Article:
Access control - Amazon Backup
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Access control

You can have valid credentials to authenticate your requests, but unless you have the appropriate permissions, you can't access Amazon Backup resources such as backup vaults. You also can't back up Amazon resources such as Amazon Elastic Block Store (Amazon EBS) volumes.

Every Amazon resource is owned by an Amazon Web Services account, and permissions to create or access a resource are governed by permissions policies. An account administrator can attach permissions policies to Amazon Identity and Access Management (IAM) identities (that is, users, groups, and roles). And some services also support attaching permissions policies to resources.


An account administrator (or administrator user) is a user with administrator permissions. For more information, see IAM Best Practices in the IAM User Guide.

When granting permissions, you decide who is getting the permissions, the resources they get permissions for, and the specific actions that you want to allow on those resources.

The following sections cover how access policies work and how you use them to protect your backups.

Resources and operations

A resource is an object that exists within a service. Amazon Backup resources include backup plans, backup vaults, and backups. Backup is a general term that refers to the various types of backup resources that exist in Amazon. For example, Amazon EBS snapshots, Amazon Relational Database Service (Amazon RDS) snapshots, and Amazon DynamoDB backups are all types of backup resources.

In Amazon Backup, backups are also referred to as recovery points. When using Amazon Backup, you also work with the resources from other Amazon services that you are trying to protect, such as Amazon EBS volumes or DynamoDB tables. These resources have unique Amazon Resource Names (ARNs) associated with them. ARNs uniquely identify Amazon resources. You must have an ARN when you need to specify a resource unambiguously across all of Amazon, such as in IAM policies or API calls.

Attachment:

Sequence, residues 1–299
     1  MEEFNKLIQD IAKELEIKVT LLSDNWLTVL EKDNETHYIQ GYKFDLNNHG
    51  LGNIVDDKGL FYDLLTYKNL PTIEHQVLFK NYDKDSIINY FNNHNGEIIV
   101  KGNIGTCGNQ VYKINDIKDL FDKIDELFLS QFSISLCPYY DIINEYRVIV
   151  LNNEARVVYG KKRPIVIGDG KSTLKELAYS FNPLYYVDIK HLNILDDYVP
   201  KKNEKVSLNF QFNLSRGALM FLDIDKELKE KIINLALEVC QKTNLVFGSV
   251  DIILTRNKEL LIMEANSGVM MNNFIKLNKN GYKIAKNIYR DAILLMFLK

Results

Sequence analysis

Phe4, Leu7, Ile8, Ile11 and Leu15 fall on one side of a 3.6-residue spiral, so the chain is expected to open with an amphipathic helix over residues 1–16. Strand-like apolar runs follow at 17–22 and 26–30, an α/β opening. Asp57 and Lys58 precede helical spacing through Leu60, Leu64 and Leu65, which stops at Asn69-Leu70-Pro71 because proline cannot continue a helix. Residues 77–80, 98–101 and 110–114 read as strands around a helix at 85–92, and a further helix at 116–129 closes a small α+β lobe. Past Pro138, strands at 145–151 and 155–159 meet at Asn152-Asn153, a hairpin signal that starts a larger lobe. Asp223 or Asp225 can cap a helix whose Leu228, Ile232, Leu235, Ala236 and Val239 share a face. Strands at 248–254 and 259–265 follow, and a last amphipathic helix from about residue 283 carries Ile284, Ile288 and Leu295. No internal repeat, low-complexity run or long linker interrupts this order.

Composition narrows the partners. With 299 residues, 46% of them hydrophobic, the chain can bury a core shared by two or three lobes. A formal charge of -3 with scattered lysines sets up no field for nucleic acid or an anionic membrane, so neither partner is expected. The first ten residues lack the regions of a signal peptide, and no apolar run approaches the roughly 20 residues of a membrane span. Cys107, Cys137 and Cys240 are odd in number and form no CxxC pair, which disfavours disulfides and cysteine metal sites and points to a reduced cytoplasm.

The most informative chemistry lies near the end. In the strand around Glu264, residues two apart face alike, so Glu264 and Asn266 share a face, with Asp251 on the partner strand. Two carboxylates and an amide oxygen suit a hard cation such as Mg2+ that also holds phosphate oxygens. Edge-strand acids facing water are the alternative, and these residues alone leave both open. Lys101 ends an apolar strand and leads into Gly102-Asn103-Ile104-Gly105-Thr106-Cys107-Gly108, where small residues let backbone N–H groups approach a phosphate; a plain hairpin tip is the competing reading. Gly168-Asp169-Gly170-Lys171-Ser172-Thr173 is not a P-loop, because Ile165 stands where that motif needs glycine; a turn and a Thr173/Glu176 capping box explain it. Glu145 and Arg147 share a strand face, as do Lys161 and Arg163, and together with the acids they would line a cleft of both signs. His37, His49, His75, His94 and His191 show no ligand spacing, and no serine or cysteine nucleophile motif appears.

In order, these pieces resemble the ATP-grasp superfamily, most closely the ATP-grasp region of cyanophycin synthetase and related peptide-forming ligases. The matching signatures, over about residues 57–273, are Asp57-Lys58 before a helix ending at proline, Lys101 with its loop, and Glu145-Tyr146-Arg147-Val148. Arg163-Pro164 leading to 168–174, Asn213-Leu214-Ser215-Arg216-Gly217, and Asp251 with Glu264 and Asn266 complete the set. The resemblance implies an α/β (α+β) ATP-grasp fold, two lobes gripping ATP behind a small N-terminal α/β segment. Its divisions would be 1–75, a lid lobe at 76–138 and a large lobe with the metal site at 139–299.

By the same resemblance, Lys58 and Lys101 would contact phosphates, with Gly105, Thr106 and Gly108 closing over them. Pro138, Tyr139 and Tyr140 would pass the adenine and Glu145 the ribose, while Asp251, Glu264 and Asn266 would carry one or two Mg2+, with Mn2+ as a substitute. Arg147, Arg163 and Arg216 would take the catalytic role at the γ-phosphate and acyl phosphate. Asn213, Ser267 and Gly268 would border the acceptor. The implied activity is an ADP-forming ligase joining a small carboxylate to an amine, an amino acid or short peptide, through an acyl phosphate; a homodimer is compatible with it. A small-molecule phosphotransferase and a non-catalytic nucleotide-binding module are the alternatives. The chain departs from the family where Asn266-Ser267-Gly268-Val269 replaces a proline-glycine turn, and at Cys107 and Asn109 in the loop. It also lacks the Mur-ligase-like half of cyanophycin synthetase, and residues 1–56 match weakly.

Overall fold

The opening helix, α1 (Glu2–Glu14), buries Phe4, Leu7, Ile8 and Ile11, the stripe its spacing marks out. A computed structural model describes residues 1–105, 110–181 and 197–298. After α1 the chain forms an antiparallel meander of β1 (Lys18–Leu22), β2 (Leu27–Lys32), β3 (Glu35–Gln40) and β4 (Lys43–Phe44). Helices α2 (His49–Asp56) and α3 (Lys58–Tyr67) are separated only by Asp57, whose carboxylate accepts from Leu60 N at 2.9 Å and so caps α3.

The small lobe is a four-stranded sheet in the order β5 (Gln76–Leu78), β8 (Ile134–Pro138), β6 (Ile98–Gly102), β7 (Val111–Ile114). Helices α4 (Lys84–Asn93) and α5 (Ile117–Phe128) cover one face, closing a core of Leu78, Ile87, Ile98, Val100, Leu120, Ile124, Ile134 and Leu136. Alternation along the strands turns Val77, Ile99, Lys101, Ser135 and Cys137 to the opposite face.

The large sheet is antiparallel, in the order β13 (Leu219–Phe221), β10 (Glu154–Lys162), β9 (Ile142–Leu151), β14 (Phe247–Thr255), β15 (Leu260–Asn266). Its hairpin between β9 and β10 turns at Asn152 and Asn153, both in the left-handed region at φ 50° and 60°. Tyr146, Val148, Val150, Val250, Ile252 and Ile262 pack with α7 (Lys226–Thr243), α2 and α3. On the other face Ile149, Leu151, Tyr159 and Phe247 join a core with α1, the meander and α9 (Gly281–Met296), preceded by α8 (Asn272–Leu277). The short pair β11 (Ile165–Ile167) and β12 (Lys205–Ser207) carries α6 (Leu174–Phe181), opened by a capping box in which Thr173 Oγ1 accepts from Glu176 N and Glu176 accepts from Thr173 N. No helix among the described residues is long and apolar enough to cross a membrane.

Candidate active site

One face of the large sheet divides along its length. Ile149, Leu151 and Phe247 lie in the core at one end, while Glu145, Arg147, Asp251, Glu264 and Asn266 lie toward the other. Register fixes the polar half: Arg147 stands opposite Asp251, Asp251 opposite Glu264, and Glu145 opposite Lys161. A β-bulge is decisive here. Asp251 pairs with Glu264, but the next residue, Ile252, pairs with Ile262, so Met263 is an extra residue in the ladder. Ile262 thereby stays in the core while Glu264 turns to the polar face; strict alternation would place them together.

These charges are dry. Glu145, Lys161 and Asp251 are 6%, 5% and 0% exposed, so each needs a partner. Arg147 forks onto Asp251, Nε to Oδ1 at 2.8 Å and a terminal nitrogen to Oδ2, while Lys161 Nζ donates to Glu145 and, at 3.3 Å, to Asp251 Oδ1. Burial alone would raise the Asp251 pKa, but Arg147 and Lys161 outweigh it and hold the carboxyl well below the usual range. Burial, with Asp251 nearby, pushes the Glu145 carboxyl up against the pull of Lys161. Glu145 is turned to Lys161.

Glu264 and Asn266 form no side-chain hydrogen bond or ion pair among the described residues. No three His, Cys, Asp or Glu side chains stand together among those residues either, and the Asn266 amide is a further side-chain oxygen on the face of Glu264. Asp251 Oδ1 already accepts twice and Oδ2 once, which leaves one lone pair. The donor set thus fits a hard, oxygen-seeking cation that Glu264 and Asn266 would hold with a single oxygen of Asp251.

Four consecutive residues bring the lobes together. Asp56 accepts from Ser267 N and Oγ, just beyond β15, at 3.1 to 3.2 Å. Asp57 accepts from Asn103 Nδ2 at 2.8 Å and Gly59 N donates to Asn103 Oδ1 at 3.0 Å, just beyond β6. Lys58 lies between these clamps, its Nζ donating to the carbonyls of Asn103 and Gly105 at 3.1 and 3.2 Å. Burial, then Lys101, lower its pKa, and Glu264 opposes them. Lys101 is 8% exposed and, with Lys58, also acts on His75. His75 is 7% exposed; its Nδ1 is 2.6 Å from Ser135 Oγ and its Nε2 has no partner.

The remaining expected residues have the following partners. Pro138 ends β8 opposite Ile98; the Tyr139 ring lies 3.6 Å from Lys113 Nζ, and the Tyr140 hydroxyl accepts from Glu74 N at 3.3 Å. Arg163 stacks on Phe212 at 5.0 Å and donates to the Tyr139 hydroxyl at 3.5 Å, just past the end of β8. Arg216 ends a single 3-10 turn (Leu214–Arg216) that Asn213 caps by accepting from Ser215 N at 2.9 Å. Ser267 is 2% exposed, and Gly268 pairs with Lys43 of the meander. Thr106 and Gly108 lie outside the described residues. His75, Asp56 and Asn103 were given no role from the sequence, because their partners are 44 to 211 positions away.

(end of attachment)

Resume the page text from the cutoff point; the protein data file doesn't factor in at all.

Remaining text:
The following table lists resources, subresources, ARN format, and an example unique ID.

Amazon Backup resource ARNs
Resource type ARN format Example unique ID
Backup plan arn:aws:backup:region:account-id:backup-plan:*
Backup vault arn:aws:backup:region:account-id:backup-vault:*
Recovery point for Amazon EBS arn:aws:ec2:region::snapshot/* snapshot/snap-05f426fd8kdjb4224
Recovery point for Amazon EC2 images arn:aws:ec2:region::image/ami-* image/ami-1a2b3e4f5e6f7g890
Recovery point for Amazon RDS arn:aws:rds:region:account-id:snapshot:awsbackup:* awsbackup:job-be59cf2a-2343-4402-bd8b-226993d23453
Recovery point for Aurora arn:aws:rds:region:account-id:cluster-snapshot:awsbackup:* awsbackup:job-be59cf2a-2343-4402-bd8b-226993d23453
Recovery point for Storage Gateway arn:aws:ec2:region::snapshot/* snapshot/snap-0d40e49137e31d9e0
Recovery point for DynamoDB without Advanced DynamoDB backup arn:aws:dynamodb:region:account-id:table/*/backup/* table/MyDynamoDBTable/backup/01547087347000-c8b6kdk3
Recovery point for DynamoDB with Advanced DynamoDB backup enabled arn:aws:backup:region:account-id:recovery-point:* 12a34a56-7bb8-901c-cd23-4567d8e9ef01
Recovery point for Amazon EFS arn:aws:backup:region:account-id:recovery-point:* d99699e7-e183-477e-bfcd-ccb1c6e5455e
Recovery point for Amazon FSx arn:aws:fsx:region:account-id:backup/backup-* backup/backup-1a20e49137e31d9e0
Recovery point for virtual machine arn:aws:backup:region:account-id:recovery-point:* 1801234a-5b6b-7dc8-8032-836f7ffc623b
Recovery point for Amazon S3 continuous backup arn:aws:backup:region:account-id:recovery-point:* my-bucket-5ec207d0
Recovery point for S3 periodic backup arn:aws:backup:region:account-id:recovery-point:* my-bucket-20211231900000-5ec207d0

Resources that support full Amazon Backup management all have recovery points in the format arn:aws:backup:region:account-id::recovery-point:*. making it easier for you to apply permissions policies to protect those recovery points. To see which resources support full Amazon Backup management, see that section of the Feature availability by resource table.

Amazon Backup provides a set of operations to work with Amazon Backup resources. For a list of available operations, see Amazon Backup Actions.

Resource ownership